Kristin Sauter was having trouble properly functioning. Sleep was hard to come by, general relief even harder. Sauter was disinterested in parts of life she once deeply cared about, like adventure, travel and her career. Some days, she didn’t show up to work.
This was 2016 — a time Sauter describes as rock bottom. She was living with her husband in London while working with an event marketing company. Sauter was dealing with severe social anxiety almost every hour of every day, sometimes even crippling her ability to get out of bed.
“I just couldn’t care about anything anymore,” Sauter said. “I reached the point where I didn’t turn up at work anymore. I didn’t care about myself anymore. I didn’t care about anything around me anymore. It got to a point where I couldn’t go on with it.”
Sauter had been diagnosed by a therapist with depression a few years earlier in her home country of Germany, but she was unfamiliar with social anxiety — a fear of social situations and being negatively judged and evaluated by other people. Now, as she’s come to understand the mental illness in the years since, she calls herself “basically an extroverted version of a social anxiety person.”
"I try to take it step by step. ... Because for so many years, you learned habits and strategies to survive that are not healthy. You need to give yourself time to heal and develop better habits.”
In 2016, Sauter knew she needed a lifestyle change to work on herself. Her bubbly, outgoing and radiant personality was gone, replaced with constant anxiety. One day at work, Sauter knew what she had to do. She called her husband and said, “I think I need to quit.” That was her last day on the job.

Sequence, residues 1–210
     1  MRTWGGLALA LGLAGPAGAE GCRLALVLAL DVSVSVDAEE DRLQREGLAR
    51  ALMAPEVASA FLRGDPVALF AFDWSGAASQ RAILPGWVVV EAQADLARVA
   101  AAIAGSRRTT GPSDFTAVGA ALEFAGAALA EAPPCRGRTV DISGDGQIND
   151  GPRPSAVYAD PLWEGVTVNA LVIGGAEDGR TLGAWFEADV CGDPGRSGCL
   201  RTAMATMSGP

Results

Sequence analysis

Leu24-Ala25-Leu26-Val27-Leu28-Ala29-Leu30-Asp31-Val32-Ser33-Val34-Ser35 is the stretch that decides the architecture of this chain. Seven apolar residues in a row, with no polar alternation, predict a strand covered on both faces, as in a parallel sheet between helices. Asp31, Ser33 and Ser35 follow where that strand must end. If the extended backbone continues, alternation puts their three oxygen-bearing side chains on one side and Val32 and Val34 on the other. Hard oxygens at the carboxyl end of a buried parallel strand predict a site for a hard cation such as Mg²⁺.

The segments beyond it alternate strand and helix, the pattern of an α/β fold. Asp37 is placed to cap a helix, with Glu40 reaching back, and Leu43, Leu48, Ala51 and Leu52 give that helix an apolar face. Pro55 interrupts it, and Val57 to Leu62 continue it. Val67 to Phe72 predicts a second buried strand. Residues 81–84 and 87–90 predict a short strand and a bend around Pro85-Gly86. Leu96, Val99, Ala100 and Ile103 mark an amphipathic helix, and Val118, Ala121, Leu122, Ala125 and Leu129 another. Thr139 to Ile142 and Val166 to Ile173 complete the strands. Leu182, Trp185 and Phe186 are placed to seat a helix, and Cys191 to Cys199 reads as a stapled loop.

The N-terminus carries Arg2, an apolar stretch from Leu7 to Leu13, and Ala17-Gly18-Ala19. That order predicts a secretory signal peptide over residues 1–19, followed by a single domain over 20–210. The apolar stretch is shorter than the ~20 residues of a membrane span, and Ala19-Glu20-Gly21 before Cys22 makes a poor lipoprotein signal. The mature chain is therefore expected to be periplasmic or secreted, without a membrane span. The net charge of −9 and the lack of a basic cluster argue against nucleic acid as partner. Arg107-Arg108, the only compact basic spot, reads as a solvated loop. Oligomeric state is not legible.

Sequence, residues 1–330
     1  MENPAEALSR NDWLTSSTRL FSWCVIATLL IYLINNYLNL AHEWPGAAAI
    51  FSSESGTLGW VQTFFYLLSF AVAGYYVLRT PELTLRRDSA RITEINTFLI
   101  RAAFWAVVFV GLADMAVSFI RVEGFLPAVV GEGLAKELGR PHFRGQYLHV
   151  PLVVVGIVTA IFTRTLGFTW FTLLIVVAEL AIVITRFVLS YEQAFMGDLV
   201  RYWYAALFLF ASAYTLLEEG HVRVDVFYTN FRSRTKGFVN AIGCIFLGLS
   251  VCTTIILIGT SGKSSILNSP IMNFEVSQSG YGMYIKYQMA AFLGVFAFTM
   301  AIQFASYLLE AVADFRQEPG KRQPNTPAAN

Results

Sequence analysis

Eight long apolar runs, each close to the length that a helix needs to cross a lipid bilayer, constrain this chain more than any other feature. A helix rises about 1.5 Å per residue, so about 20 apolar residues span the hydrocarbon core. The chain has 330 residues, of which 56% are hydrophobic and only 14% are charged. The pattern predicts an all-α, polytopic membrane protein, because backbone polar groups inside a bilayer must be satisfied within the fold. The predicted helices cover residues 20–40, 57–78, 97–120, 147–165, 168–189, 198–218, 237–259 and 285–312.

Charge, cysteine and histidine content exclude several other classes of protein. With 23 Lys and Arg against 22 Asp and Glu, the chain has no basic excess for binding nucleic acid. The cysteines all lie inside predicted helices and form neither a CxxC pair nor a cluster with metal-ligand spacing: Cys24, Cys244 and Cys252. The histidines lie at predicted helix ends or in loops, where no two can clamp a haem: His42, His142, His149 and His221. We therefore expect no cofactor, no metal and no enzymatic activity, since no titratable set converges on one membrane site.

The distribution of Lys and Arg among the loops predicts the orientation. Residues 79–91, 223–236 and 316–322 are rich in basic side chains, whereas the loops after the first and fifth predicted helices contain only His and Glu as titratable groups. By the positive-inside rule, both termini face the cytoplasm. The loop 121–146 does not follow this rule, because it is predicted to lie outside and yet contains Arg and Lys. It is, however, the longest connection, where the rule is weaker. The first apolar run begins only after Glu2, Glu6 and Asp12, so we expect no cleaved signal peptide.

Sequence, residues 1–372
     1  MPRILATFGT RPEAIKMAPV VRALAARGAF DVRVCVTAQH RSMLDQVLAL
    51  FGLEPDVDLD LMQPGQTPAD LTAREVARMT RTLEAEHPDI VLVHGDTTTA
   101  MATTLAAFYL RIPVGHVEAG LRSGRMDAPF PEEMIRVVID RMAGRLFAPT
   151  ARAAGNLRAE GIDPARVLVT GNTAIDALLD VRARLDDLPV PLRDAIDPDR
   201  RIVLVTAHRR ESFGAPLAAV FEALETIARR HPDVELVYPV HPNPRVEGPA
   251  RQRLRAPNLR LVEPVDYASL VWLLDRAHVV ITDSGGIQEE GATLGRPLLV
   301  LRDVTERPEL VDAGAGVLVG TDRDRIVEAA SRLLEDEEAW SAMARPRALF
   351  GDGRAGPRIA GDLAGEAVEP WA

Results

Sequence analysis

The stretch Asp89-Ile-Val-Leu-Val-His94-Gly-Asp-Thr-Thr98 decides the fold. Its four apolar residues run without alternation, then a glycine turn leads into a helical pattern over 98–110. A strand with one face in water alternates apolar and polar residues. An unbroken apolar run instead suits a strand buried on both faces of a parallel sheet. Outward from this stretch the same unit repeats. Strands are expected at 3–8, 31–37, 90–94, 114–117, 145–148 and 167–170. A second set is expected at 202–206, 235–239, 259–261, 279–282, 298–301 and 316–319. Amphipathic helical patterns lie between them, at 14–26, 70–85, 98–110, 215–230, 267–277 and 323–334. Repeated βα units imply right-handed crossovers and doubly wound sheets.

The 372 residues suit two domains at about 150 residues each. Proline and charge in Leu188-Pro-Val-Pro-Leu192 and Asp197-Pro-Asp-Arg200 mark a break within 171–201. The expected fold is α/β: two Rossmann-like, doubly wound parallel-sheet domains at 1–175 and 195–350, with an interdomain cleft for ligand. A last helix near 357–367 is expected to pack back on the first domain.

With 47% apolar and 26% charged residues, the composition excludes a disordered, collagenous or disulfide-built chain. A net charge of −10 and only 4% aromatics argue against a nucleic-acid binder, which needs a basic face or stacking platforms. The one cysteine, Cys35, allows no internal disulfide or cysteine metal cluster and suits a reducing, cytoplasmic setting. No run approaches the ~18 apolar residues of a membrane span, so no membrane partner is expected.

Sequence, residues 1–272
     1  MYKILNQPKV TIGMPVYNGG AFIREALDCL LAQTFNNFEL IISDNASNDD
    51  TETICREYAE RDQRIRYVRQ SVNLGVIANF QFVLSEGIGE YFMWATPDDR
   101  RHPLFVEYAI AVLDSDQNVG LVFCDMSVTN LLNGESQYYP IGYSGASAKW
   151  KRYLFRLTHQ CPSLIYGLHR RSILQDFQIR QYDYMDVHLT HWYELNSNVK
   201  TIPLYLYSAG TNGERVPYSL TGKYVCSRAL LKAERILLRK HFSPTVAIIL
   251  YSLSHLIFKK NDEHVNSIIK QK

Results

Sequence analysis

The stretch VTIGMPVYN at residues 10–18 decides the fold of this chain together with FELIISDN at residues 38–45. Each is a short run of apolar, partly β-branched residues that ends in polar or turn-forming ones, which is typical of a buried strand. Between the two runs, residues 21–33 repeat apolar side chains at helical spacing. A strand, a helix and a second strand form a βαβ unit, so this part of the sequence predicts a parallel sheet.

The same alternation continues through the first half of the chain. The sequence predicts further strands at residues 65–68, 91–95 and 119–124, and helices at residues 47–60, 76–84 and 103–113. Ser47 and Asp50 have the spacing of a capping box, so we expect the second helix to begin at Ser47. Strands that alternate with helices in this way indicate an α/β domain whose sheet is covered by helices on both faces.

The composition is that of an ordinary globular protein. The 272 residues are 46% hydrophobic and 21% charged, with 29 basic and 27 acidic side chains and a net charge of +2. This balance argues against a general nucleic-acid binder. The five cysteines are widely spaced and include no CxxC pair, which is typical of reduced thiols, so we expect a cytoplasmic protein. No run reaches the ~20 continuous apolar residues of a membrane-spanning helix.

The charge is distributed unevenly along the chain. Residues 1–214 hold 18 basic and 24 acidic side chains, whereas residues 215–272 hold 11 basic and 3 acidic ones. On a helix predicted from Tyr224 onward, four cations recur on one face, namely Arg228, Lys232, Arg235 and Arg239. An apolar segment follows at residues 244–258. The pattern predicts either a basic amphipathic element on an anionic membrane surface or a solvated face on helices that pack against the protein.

Looking back today, Sauter believes it was the best decision she’s ever made.
“I felt relief,” Sauter said. “The weight came off my shoulders immediately, and I felt empowered. Because for so many years, I felt like I had no power left. I was always making sure everyone else was OK, and making sure I don’t hurt people. And for the first time in many years, I felt like the old me.”
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About a year before quitting, Sauter had already been trying to improve her mental wellness. She found a book called “The Gifts of Imperfection” by Brene Brown based on a recommendation from a therapist. She dived into a mindfulness course, which helped her quiet her mind and gave her tools to start her journey of healing. But it wasn’t until early 2018, when Sauter and her husband moved to Des Moines, when she started taking significant positive strides.
While in London, Sauter said she operated with the mindset that others had an obligation to help her because she couldn’t help herself. Removed from the stressful environment in London, Sauter realized she had always had the tools to improve herself — she just didn’t know how to use them.
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“I always had the power within [to help myself], but I couldn’t access it,” Sauter said. “I felt very lonely in London. Even being in that relationship [with my husband], who was very supportive, I still felt very lonely. That was tough.”
Sauter still deals with anxiety, but has developed healthy coping habits. She has taken her understanding of mental illness and given back, helping with the National Alliance of Mental Illness in Des Moines and starting her company Curo, which teaches mindfulness through workshops and events.
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“I now do things that I couldn’t even imagine two years ago,” Sauter said. “I can now push myself and know not to overdo it. I try to take it step by step. That’s one of the biggest lessons I’ve learned is you have to give yourself time. Because for so many years, you learned habits and strategies to survive that are not healthy. You need to give yourself time to heal and develop better habits.”
Make It OK is community campaign to reduce stigma by starting conversations and increasing understanding about mental illness. Start by learning what a mental illness really is. Then, find out what to say and not to say when someone opens up to you. You can also help others by sharing your own story to help people know they aren’t alone. Learn more about how you can get involved at MakeItOK.org/Iowa.